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Old 10-18-2014, 07:40 PM
6 posts, read 10,597 times
Reputation: 10


Good evening!

Earlier this year I adopted a 6 year old Pointer. She was used for breeding in a puppy mill her entire life, and was most likely kept in a kennel and not fed very well.

When I first adopted her, her foster parent said that she was bad in crates and would break out of them. Luckily, she is fairly well house trained but there are some days when I come home and she has knocked something over, or chewed on something she shouldn't have (paper towels, books, etc.). I purchased a crate for her, and have put her dog bed in it and she sleeps in it just fine with no hesitation! When I leave for work I put her treats/toys in her crate and she goes inside for them.

I'm scared to leave her in her crate for a full 4 hours while I'm at work (before I come home for lunch) because I'm worried she may try to break out and either 1.) hurt herself in the process or 2.) be so scared/frustrated that she won't ever get in a crate again.

Also - when I first adopted her, I tried confining her to just the bedroom to see if it would help give her a "den" like feeling that a crate has, and it was unsuccessful (she chewed through the doorframe).


Thank you!
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Old 10-19-2014, 07:49 AM
Location: Canada
1,403 posts, read 852,527 times
Reputation: 4478
You could try leaving the house for short periods of time on your days off - 10 minutes, 20 minutes, to start - and confine your dog to the crate while you're gone. My last dog had separation anxiety, and every time I left the house I'd come back to total destruction. My vet, as well as the adoption center where she came from, said I would never be able to successfully crate train her, as she showed adverse reaction to being kennelled at both places. At the shelter she would sit at the back of the kennel and not interact at all; at the vet's, when she had to stay overnight, she apparently panicked in the kennel and kept leaping up and hitting her head on the top of it. However, I don't believe in 'never'...and after about a week, and Kaya was fully trained.

I began by telling her to go into the crate (lol, I had to crawl into it first to show her that it was 'safe') and I'd give her a coveted treat, usually a pig's ear, once she was in it. I would leave the door open but would sit close to the doorway while she ate her treat....then once she was done I'd move away and she'd come out. Gradually I began closing the crate door and leaving it shut only while Kaya ate, then that graduated into me leaving the room, then leaving the house. I also covered 2/3 of the crate so it would give her more of a sense of security (making sure she couldn't reach the blankets that covered the crate) and I left a radio on a talk show station, playing quietly in the background. Her crate was also placed in a back bedroom, away from distractions and noise. She was taught to enter the crate, stay, and only leave when allowed (no opening the door and letting her rush out, she had to wait for a command), and I never said goodbye to her when leaving, or even hello when returning. Just kept the entire thing very subdued.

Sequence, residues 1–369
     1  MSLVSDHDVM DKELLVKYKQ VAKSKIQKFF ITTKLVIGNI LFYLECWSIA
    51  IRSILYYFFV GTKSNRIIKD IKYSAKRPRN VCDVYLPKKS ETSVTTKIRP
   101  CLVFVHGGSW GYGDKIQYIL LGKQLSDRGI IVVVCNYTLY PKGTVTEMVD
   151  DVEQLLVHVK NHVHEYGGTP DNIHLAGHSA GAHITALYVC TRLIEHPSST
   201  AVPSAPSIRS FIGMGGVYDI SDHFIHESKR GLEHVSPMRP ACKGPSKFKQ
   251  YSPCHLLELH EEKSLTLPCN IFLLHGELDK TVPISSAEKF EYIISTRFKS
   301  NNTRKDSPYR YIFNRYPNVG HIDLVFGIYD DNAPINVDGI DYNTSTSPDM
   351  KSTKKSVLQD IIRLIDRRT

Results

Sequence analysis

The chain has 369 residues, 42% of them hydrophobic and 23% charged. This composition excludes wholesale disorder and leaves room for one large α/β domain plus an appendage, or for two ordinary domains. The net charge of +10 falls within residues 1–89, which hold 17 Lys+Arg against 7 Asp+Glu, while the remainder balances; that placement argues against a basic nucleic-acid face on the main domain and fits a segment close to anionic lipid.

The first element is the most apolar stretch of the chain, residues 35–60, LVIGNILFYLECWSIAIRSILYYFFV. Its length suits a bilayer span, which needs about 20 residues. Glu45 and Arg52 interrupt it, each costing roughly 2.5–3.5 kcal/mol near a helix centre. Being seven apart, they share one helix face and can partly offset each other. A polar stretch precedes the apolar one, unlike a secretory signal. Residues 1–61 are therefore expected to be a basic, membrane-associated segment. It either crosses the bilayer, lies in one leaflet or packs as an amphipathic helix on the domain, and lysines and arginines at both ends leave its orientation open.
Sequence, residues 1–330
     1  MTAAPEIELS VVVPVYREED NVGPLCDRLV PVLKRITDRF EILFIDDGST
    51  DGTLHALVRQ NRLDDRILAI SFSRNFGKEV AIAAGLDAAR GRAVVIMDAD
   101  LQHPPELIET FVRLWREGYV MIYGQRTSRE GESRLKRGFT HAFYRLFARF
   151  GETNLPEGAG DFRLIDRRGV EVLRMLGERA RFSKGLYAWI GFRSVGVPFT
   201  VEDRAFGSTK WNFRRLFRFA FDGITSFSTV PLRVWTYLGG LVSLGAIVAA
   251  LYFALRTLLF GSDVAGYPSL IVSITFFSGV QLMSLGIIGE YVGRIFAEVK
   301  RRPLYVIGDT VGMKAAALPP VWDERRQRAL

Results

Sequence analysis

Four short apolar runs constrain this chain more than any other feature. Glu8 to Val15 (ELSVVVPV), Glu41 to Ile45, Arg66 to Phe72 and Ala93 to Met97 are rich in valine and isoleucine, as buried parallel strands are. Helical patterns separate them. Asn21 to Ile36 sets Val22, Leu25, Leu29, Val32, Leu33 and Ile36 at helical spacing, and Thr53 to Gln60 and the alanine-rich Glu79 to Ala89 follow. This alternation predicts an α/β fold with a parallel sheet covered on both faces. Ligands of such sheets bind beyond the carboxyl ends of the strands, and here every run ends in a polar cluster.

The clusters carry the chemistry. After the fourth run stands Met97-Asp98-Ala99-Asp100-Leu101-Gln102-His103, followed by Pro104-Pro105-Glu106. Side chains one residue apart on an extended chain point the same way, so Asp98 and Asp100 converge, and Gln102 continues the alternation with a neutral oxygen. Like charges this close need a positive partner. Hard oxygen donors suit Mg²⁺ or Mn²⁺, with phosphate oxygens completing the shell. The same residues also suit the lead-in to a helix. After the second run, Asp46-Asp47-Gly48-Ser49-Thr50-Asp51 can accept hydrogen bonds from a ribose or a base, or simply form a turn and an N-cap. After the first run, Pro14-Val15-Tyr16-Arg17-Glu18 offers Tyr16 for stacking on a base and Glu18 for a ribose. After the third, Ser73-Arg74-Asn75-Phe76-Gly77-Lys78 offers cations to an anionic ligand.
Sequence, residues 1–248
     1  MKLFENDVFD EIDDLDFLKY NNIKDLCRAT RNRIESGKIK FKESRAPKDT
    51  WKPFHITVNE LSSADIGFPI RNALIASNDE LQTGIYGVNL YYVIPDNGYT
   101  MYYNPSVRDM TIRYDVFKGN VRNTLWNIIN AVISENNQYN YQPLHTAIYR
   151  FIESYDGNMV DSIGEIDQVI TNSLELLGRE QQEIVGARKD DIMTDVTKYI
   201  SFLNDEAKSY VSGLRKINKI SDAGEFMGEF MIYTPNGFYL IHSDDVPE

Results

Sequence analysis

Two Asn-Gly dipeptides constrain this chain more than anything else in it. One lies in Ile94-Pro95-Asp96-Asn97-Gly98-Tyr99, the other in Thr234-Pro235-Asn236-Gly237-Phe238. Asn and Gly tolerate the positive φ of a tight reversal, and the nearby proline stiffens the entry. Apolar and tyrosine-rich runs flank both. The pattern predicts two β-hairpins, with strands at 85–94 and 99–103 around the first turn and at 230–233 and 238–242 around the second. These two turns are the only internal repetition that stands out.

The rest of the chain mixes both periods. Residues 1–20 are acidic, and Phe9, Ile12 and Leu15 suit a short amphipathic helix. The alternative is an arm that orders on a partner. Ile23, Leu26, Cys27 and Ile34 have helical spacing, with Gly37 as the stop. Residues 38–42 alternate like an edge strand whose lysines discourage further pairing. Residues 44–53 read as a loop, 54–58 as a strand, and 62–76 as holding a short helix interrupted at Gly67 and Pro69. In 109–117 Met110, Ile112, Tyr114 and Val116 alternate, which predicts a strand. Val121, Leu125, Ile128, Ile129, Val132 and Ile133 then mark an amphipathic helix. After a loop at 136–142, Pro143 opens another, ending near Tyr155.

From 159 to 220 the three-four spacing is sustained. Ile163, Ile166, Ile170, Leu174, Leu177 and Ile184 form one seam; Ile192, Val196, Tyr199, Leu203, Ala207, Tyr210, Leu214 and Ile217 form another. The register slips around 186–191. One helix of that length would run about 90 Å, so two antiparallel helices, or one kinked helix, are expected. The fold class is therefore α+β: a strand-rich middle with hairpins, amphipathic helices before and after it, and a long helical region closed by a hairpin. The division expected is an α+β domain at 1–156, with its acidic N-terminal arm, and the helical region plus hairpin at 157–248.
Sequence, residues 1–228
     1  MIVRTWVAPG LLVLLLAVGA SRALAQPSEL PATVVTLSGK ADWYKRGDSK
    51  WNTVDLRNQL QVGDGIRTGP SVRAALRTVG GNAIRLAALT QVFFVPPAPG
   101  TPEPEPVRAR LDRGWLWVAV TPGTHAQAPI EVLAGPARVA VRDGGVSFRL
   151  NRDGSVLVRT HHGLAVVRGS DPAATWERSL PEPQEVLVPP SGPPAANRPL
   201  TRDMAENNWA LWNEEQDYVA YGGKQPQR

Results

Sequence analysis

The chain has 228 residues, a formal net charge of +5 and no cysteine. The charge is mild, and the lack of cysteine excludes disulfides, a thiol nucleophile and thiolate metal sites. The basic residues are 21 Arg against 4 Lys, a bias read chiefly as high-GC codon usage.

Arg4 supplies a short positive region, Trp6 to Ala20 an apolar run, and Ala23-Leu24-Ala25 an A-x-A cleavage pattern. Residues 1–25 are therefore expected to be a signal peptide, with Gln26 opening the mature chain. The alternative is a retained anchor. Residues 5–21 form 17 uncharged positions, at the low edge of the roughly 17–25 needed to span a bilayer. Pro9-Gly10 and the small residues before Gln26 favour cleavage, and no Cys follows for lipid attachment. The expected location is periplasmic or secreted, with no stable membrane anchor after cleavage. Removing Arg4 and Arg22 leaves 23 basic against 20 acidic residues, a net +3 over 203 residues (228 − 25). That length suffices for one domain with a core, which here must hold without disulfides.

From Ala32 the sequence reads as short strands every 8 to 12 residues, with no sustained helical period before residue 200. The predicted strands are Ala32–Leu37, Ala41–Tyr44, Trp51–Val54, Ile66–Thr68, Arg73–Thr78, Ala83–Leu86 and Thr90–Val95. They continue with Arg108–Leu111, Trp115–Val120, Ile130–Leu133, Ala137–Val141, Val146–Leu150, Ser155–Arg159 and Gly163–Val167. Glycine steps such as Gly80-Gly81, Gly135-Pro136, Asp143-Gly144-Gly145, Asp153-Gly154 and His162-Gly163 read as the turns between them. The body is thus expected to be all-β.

I've found that putting a dog in a room and shutting the door does not have the same effect that a crate does, if the dog is properly acclimated to a crate. (My present dog once tried to eat through the drywall when I left him in my bedroom, but in his crate - which was also in my bedroom - he would settle down immediately and sleep.) Leaving them in an entire room, I think, gives the dog more of a sense of separation than it does security. A crate, properly sized to the dog, and introduced to them correctly, provides much more sense of security for the dog.
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